• Scalability:
  • Policy management:
  • Monitoring and reporting:
  • Distributed IT systems:

How do Remix routes work?

Routing in Remix is very unique and powerful. Not like most of the other frameworks where you have to define routes in a separate file for each page, Remix does that and more. Remix introduced the nested routes concept. You can split your route into multiple files each is responsible for a smaller section in the page. This makes it easy to manage your routes and also makes it easy to add routes to your application. Also if a route crashes, it will not crash the whole application. It will only crash that route. This makes it easy to develop large applications. This interactive example in the Remix home page explained it very well


Remix Cerbos integration

In this section, we are going to introduce Cerbos to our Remix application and see how easily it can be used to add an Authorization layer to make our app more secure and flexible, you can connect to Cerbos server in two ways:

But, what is the difference between the two?

The GRPC client is faster and more efficient than the HTTP client. But, the GRPC client is only available in NodeJS. So, if you are using Remix with Deno, you can only use the HTTP client, however both clients are similar and you can use them in the same way.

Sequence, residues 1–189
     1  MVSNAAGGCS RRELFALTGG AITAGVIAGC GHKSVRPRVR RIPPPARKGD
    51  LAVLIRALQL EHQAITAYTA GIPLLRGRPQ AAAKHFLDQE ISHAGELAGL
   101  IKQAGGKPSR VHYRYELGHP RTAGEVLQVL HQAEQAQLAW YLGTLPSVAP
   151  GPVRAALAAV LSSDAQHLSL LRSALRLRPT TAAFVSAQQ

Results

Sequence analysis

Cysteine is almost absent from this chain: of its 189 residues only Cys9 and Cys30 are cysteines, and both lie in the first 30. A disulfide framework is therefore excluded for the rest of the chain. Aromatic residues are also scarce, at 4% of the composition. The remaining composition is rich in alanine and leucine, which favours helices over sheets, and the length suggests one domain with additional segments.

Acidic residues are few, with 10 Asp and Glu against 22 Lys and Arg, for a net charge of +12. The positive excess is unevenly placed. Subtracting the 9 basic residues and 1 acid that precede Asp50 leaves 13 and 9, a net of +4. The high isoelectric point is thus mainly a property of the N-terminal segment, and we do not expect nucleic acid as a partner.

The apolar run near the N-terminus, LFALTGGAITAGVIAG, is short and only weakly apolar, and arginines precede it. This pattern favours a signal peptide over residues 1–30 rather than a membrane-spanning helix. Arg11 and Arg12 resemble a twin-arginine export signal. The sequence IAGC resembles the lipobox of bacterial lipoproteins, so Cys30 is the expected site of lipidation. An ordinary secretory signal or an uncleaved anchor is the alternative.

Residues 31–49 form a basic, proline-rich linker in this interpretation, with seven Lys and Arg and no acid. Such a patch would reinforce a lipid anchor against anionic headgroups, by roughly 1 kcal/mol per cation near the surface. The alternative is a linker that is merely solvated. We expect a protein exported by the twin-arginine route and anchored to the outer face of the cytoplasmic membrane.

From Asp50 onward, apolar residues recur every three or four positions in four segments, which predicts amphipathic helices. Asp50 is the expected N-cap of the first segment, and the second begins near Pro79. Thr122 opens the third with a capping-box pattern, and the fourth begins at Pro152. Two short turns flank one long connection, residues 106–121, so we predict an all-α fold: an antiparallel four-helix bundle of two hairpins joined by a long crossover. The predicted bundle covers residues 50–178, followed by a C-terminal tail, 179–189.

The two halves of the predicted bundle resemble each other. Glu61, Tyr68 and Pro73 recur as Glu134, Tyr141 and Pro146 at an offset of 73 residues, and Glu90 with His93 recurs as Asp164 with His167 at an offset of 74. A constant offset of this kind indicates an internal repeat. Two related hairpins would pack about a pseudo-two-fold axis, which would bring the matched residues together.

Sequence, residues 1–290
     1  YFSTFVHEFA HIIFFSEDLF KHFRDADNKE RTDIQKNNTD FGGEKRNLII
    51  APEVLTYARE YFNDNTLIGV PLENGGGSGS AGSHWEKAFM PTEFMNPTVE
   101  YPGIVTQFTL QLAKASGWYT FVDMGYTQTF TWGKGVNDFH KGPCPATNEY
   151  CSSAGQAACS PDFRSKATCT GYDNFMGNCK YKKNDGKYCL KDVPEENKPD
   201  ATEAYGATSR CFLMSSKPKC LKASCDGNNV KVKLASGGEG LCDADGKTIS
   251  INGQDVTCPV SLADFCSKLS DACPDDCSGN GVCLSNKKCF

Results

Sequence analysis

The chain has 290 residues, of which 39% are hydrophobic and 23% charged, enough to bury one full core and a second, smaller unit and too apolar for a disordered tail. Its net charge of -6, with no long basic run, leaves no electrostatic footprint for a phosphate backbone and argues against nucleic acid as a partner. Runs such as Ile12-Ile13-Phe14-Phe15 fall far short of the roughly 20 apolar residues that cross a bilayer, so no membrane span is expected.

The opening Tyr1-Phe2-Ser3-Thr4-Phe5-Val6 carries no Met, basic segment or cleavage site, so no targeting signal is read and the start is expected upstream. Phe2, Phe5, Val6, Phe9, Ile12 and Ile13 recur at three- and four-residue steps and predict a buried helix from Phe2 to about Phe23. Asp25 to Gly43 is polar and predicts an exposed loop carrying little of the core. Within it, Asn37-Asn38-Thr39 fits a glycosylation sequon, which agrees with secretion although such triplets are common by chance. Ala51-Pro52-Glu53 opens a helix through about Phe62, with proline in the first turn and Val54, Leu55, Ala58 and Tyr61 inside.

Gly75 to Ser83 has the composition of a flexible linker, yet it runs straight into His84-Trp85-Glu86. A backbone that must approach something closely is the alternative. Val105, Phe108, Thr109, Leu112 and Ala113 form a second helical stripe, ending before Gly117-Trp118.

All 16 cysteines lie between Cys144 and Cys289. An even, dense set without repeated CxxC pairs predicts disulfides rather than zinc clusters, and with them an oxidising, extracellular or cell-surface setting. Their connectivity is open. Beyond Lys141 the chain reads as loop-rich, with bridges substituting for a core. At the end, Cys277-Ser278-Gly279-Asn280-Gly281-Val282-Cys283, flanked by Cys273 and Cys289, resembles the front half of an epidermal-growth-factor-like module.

It's prefered to use the GRPC client, you need to install the @cerbos/grpc package.


npm install @cerbos/grpc

Or if your server doesn't support GRPC, use the HTTP client. Install the @cerbos/http package.

npm install @cerbos/http

Then, you need to create a client instance. You can do that by importing the client from the package you installed.

import { GRPC } from "@cerbos/grpc";

const cerbos = new GRPC("localhost:3593", { tls: false });

the tls option is set to false because we are using a local server. If you are using a remote server, you need to set it to true.

TLS stands for Transport Layer Security It is a widely adopted security protocol designed to facilitate privacy and data security for communications over the Internet. A primary use case of TLS is encrypting the communication between web applications and servers, such as web browsers loading a website.

Or if you are using the HTTP client, you need to import it like this:

import { HTTP } from "@cerbos/http";

const cerbos = new HTTP("http://localhost:3593");

Guarded pages

When Remix server receives a request, it prepares the page and then sends it to the client. But, what if you want to check if the user is authenticated and has the correct permission t before sending the page to the client? In Remix we can do so by implementing the loader function.